Wildwood Pottery

Hand-crafted Porcelain and Stoneware
 


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Throwing

          Throwing a bowl, mug, or other article from clay is a process of many steps.  First, the potter inspects the clay to make sure the consistency is appropriate for throwing.  Some potters prefer to throw clay which contains more water, making it softer, and others like to throw firmer clay. 

          The bag of clay is opened and a piece is sliced off the 25 lb.  block.  Then the potter wedges or kneads the clay on a plaster wedging board.  This has several purposes.  Clay which has been sitting a while "sets up," appearing to be firmer than it really is.  Wedging "loosens" it up, making it softer and much easier to work with.  Wedging also removes any air bubbles from the clay.  This is essential because an air bubble causes a weak spot in the wall of the piece.  Lastly, wedging mixes the clay well and insures uniform consistency throughout.  The clay is then shaped into a ball and protected from drying out while it awaits its appointment with the potter's wheel.

          To begin the throwing process, the potter adheres the clay to the wheel by literally throwing the ball of clay onto a bat, a flat piece of masonite or other material, which has been placed on the wheel head.  The wheel is then turned on (if electric) and the potter places wet hands on the clay to begin centering.  Pressure is applied to the clay as it spins on the wheel, with the goal of forcing the shape to change to one which is perfectly symmetrical.  Yes, this takes practice!!  As the water is absorbed and the clay dries, the potter's hands will stick to the clay and pull it out of center if he does not re-wet them periodically.  Different potters have different methods for centering the clay, but all involve putting pressure on the clay to change its shape.  The clay is centered when a finger placed on the clay does not bob and change position as the wheel turns, but stays perfectly still, showing that the clay is totally uniform in shape.

                    
          When the clay is centered, the next step is to "open" it by  creating a depression in the center.   This must be done with care because a jerky movement now or at any time can easily pull the clay out of center.  Some potters open with a thumb, some with two thumbs, others with one or two fingers.  Still others like to use a sponge to assist in the process.  One or two fingers are then placed in the depression and gentle pressure is applied to widen the opening.  If the potter is making a bowl, a wider hole will be created than if a mug is being thrown.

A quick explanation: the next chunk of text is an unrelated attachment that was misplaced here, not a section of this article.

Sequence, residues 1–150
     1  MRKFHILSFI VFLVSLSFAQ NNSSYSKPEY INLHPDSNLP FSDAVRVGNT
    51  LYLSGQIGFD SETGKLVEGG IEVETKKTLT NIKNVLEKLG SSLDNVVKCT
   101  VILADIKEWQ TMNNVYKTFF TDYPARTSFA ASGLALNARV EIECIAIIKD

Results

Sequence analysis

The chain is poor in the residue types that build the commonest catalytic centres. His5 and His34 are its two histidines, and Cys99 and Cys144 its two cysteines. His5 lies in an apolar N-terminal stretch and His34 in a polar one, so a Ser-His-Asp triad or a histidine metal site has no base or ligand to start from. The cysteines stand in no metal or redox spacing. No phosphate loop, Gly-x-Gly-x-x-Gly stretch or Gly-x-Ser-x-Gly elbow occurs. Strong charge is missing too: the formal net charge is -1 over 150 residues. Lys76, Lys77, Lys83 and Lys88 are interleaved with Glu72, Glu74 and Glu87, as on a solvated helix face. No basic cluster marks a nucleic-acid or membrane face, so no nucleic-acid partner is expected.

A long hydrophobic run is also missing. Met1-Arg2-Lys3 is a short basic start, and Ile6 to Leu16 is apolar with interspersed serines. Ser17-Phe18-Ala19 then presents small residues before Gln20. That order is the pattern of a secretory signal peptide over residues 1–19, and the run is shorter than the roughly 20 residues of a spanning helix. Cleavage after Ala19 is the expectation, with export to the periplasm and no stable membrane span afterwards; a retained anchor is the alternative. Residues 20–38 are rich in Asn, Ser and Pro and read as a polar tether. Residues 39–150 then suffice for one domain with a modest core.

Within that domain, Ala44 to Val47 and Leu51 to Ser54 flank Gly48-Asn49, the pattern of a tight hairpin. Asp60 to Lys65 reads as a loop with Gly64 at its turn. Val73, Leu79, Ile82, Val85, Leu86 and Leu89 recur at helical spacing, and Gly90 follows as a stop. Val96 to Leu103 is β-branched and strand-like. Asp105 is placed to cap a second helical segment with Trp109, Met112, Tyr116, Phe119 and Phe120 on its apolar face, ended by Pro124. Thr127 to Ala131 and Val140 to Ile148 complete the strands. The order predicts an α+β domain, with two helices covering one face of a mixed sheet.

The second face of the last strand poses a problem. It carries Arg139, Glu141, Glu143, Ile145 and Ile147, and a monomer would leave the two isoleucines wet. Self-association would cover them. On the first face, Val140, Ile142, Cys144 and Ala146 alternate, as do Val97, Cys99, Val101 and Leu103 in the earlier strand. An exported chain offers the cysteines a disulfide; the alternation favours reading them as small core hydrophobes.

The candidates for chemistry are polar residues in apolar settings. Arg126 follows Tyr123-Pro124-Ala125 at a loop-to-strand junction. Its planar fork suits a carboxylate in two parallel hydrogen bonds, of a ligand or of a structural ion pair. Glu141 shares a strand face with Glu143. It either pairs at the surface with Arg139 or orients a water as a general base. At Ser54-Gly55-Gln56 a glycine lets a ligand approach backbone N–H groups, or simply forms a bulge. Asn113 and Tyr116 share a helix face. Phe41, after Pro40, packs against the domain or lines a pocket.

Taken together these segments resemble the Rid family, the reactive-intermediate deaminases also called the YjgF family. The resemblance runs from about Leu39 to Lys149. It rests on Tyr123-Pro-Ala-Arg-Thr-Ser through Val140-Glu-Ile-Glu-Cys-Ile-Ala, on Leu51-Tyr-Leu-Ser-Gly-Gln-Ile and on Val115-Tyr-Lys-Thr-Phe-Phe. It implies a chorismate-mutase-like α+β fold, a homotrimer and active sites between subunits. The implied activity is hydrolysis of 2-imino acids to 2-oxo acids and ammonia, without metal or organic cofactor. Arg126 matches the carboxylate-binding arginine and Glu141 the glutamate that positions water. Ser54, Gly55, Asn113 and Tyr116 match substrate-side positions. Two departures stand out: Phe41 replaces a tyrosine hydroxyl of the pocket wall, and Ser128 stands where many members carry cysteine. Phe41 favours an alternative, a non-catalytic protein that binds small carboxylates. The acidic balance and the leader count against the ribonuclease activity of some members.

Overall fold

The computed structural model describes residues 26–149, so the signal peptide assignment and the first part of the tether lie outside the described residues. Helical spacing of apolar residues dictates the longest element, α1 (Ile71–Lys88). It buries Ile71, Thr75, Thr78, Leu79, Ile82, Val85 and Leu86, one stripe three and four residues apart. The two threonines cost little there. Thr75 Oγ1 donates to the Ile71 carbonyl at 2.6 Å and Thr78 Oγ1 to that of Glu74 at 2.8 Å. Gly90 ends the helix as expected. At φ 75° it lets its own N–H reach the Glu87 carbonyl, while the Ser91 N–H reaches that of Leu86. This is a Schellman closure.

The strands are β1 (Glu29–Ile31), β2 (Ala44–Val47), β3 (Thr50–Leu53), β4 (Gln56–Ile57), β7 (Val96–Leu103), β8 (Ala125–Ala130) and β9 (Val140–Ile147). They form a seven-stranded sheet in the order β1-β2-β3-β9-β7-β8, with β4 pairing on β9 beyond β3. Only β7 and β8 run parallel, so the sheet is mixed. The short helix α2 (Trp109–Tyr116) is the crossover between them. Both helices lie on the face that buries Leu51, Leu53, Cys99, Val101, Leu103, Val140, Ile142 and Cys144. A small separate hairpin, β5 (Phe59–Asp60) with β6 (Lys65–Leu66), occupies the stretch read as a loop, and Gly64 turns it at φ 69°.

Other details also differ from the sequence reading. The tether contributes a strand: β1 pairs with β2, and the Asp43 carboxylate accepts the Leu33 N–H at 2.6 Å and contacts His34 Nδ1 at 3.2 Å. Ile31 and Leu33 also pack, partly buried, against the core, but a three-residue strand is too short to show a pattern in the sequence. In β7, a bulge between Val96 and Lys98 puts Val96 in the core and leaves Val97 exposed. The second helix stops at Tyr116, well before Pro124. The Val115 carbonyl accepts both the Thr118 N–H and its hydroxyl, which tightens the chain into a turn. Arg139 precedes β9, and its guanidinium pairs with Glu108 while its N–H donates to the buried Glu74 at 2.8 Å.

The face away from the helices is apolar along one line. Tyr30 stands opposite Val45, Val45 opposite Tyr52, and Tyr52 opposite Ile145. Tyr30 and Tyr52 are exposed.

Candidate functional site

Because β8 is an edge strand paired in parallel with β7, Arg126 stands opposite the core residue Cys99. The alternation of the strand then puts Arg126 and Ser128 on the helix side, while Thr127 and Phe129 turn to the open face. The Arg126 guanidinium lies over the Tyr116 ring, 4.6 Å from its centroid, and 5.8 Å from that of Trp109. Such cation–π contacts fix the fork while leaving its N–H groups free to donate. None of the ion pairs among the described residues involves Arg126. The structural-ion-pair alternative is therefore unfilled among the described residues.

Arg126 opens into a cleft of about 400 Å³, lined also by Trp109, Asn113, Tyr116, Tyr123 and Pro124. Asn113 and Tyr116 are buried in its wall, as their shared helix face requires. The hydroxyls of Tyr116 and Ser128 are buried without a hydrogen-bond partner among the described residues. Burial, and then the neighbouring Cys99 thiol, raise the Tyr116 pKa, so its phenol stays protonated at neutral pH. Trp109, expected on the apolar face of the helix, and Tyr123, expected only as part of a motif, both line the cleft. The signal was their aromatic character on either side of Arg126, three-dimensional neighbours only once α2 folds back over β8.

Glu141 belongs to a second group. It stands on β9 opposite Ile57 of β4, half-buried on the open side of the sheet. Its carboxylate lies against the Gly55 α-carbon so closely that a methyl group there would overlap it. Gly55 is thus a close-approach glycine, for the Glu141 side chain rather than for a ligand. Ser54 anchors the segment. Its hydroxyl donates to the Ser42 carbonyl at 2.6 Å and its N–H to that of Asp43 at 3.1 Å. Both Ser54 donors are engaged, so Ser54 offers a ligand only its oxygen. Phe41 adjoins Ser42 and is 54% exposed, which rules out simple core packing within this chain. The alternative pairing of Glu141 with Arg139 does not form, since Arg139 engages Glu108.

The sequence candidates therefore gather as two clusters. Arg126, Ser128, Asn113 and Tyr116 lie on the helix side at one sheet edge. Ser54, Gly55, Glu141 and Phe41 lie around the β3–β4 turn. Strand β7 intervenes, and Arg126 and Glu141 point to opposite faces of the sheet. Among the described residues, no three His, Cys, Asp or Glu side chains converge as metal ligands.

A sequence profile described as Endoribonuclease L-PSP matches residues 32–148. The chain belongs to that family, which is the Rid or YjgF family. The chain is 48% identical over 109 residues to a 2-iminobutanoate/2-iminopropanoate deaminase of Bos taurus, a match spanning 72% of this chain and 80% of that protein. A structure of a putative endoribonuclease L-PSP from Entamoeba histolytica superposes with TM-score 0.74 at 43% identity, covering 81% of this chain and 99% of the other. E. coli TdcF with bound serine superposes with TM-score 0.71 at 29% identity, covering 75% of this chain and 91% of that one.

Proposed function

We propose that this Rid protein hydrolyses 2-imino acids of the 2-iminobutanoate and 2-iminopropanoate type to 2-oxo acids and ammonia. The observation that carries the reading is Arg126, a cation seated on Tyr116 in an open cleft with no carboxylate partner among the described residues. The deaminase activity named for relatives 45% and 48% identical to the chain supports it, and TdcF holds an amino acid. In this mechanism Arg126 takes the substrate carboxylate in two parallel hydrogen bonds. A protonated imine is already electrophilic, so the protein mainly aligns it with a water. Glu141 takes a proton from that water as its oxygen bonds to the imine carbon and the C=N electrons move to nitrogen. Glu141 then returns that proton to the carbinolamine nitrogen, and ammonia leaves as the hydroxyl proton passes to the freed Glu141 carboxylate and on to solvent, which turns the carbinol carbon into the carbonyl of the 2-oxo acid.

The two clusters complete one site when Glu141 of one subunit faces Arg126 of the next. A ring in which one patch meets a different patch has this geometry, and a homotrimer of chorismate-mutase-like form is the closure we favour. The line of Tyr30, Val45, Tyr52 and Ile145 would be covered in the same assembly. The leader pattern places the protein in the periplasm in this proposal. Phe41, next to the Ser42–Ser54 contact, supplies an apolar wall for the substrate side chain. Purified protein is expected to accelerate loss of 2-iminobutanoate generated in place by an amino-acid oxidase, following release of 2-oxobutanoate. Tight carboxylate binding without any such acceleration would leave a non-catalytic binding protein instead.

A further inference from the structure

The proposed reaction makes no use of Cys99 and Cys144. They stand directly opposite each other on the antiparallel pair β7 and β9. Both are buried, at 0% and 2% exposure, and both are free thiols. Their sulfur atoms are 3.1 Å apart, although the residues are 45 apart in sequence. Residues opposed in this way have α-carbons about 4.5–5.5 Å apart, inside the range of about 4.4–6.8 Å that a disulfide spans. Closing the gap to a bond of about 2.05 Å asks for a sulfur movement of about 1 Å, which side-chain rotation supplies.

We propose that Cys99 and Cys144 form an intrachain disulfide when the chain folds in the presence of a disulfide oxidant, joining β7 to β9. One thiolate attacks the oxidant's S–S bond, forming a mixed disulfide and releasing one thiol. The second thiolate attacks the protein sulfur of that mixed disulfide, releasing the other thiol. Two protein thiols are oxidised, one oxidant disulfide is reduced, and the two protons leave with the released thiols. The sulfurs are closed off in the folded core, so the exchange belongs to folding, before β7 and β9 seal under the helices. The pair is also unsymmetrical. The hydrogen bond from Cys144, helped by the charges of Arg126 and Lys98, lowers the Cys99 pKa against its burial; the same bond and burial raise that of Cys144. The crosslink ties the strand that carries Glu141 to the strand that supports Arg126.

At all times, the potter must be aware of the quality of the clay.  The hands must be wet over and over again as the clay absorbs the moisture and becomes sticky.  Care must be given to keeping the clay centered at each step.  If the clay becomes off center, the potter must re-center it or discard the lump of clay and begin again with another piece. 

        

                 
          Once the clay is centered and opened, the potter may begin pulling up the sides of the piece.  A right-handed potter will place her left hand inside the piece and her right hand outside the piece.  With the fingertips of the two hands opposing each other, gentle pressure is applied to the right-hand side of the bowl, compressing the clay between the fingers while the hands are slowly raised bringing the clay with it.  The result is a thinning and raising of the wall of the piece.  Normally, several pulls are required to complete the sides of the bowl.  The sides are completed when they are uniform in thickness from the bottom to the top of the piece and appropriate in thickness for the item being thrown. 
                           If the potter wishes to add colored slip to the piece, she may do it now or may add it later after the piece dries to leather hard.  When the potter is fully satisfied, she runs a wire underneath the piece as the wheel slowly revolves.  The bat with the newly thrown piece is then removed from the wheel head.  Alternately, if the piece is small, the potter may add water to the wheel head and slide the completed piece off the bat and onto a ware board.  Then she sets the piece aside to dry to leather hard, the proper consistency for trimming.
The completed pot--well, at least this piece is completed.  Next job:  throw the lid.
   
   
   

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Copyright 2002-2008 by Merrilyn Reeves
Revised: 05/08/10 09:46 PM -0700